Cultural Resources are tangible remains of past human activity.
What are Cultural Resources?
Cultural Resources may include buildings; structures; prehistoric sites; historic or prehistoric objects or collection; rock inscription; earthworks, canals, or landscapes. These nonrenewable resources may yield unique information about past societies and environments, and provide answers for modern day social and conservation problems. Although many have been discovered and protected, there are numerous forgotten, undiscovered, or unprotected cultural resources in rural America.
The NRCS's Role in Protecting Cultural Resources
NRCS considers cultural resources in its conservation planning for the same reason it protects the natural resources — the soil, water, air, plants and animals — on your property. Keeping natural resources in balance helps provide the basis for a healthy and profitable farm environment; keeping cultural resources provides the basis for understanding our human past. The stewardship of these nonrenewable resources is an important link in the conservation ethic that underlies the NRCS mission.
Several Federal, State, and local laws have been enacted to preserve cultural resources. The most important of these is the National Historic Preservation Act of 1966. Under this and other legislation, Federal agencies, including the U.S. Department of Agriculture's Natural Resources Conservation Service, are required to protect cultural resources.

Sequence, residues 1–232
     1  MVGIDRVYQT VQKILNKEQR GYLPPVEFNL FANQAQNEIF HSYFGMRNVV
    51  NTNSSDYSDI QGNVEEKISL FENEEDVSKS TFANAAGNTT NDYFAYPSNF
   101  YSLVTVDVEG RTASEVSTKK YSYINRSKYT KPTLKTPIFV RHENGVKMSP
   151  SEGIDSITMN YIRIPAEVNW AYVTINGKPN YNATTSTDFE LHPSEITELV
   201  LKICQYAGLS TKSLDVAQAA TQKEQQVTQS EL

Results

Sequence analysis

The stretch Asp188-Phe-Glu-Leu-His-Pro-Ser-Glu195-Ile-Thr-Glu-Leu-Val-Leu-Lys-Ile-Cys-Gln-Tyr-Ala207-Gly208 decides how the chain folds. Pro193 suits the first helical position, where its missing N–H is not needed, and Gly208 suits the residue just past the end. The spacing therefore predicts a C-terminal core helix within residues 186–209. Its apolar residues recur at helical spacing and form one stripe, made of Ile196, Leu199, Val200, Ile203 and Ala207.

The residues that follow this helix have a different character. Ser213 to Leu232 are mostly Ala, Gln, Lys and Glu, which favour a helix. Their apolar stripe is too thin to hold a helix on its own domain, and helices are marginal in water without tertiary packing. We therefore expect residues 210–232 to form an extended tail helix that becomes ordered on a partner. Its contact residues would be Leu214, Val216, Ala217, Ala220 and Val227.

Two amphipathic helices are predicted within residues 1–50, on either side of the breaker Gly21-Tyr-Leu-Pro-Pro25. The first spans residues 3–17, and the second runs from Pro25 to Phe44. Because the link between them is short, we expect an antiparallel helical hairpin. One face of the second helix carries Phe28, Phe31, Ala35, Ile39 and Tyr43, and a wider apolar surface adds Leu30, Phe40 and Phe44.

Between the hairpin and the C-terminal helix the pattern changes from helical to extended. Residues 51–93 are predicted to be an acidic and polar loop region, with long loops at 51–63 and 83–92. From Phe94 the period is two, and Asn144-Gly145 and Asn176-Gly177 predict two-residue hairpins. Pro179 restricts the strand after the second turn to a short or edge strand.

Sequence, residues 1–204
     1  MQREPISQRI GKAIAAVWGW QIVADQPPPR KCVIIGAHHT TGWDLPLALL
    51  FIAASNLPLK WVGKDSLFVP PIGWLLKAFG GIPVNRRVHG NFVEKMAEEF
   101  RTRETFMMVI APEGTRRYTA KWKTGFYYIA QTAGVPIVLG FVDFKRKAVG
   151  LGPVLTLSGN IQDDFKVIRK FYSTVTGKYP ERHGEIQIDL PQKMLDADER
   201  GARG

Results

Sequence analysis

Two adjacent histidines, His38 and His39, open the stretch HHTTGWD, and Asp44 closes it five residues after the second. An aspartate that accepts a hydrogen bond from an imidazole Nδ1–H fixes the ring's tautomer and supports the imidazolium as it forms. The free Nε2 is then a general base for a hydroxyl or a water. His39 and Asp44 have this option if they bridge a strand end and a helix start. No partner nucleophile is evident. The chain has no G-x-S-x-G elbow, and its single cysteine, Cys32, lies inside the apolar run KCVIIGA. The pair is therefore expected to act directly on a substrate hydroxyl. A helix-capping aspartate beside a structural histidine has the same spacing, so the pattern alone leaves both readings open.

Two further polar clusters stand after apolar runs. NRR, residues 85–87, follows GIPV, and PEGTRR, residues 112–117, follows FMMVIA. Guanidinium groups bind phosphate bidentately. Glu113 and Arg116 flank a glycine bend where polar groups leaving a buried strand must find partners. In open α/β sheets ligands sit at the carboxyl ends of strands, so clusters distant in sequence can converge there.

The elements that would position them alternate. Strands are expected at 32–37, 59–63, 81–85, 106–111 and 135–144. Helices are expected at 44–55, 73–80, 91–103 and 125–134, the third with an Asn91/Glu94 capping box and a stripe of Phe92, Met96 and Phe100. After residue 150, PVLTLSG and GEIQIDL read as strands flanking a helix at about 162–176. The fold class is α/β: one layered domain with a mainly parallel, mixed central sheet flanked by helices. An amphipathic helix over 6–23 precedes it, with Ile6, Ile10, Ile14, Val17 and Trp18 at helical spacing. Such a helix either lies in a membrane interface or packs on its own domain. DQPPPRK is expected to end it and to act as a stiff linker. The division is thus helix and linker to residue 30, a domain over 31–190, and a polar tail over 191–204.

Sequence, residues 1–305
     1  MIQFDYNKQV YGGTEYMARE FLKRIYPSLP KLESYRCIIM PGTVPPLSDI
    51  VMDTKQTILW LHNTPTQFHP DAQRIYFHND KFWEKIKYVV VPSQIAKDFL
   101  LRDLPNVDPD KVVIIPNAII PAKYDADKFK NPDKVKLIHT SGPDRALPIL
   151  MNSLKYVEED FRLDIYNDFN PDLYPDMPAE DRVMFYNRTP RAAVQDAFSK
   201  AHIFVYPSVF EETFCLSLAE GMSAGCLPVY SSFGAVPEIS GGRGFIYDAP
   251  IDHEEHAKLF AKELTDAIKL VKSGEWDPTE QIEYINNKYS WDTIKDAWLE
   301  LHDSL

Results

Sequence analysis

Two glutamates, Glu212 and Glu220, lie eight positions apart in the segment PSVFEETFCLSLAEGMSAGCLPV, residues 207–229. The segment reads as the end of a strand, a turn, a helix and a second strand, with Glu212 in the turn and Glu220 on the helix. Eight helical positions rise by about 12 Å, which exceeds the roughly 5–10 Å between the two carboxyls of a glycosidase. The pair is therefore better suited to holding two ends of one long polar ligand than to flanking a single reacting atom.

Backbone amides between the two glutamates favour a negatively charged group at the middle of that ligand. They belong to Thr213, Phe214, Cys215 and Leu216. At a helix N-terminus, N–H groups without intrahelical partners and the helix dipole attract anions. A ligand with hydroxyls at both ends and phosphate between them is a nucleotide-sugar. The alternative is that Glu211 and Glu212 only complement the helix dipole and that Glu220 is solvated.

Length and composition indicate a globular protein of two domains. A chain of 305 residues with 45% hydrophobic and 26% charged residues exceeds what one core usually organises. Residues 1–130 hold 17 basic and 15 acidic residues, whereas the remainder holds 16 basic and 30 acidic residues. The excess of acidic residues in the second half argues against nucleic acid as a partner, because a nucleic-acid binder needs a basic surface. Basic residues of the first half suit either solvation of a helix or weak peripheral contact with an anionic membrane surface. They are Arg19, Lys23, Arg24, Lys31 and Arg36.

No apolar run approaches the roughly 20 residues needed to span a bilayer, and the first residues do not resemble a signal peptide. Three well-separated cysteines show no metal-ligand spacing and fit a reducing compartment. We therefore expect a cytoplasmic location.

Some Benefits of Cultural Resources
Cultural resources provide many useful benefits to people today. They —
- Expand our knowledge and understanding of history.
- Provide scientific data. Archeological sites for example, can provide information not available from historic records on droughts, floods, and erosion over thousand of years.
- Provide jobs during the renovation process. Preserving cultural resources may also stimulate other community improvements.
- Attract tourists, who bring money into the community.
- Provide information that will help solve conservation and natural resource problems. Some modern irrigation techniques, for example, are actually based on prehistoric methods.
Every American has a stake in the protection of cultural resources. All of the protected and restored cultural resources that we enjoy today have one thing in common: some individual, group, or organization went to work to protect and preserve for future generations to come.
If you know of an undeveloped cultural resource, do your part to preserve our country's heritage. Contact a local historical society, museum, archeological society, university archeology (sociology, anthropology) department, or your local Natural Resources Conservation Service office.
For More Information
• http://www.saa.org Home Page of the Society for American Archaeology
• http://www.sha.org/ Home Page for the Society for Historical Archaeology
• http://www.achp.gov Home page of the Advisory Council on Historic Preservation, the governmental agency established to advise the President, Congress, federal agencies and the public on matters regarding historic preservation. Pay particular attention to the links to the Preserve America program and community awards.
• http://www.archives.gov/research_room/arc/index.html The National Archives and Records Administration Archival research page that will assist user in historical research in their holdings
• http://www.nthp.org Home page of the National Trust for Historic Preservation.
Cultural Resources Specialist
Cultural Resources Specialist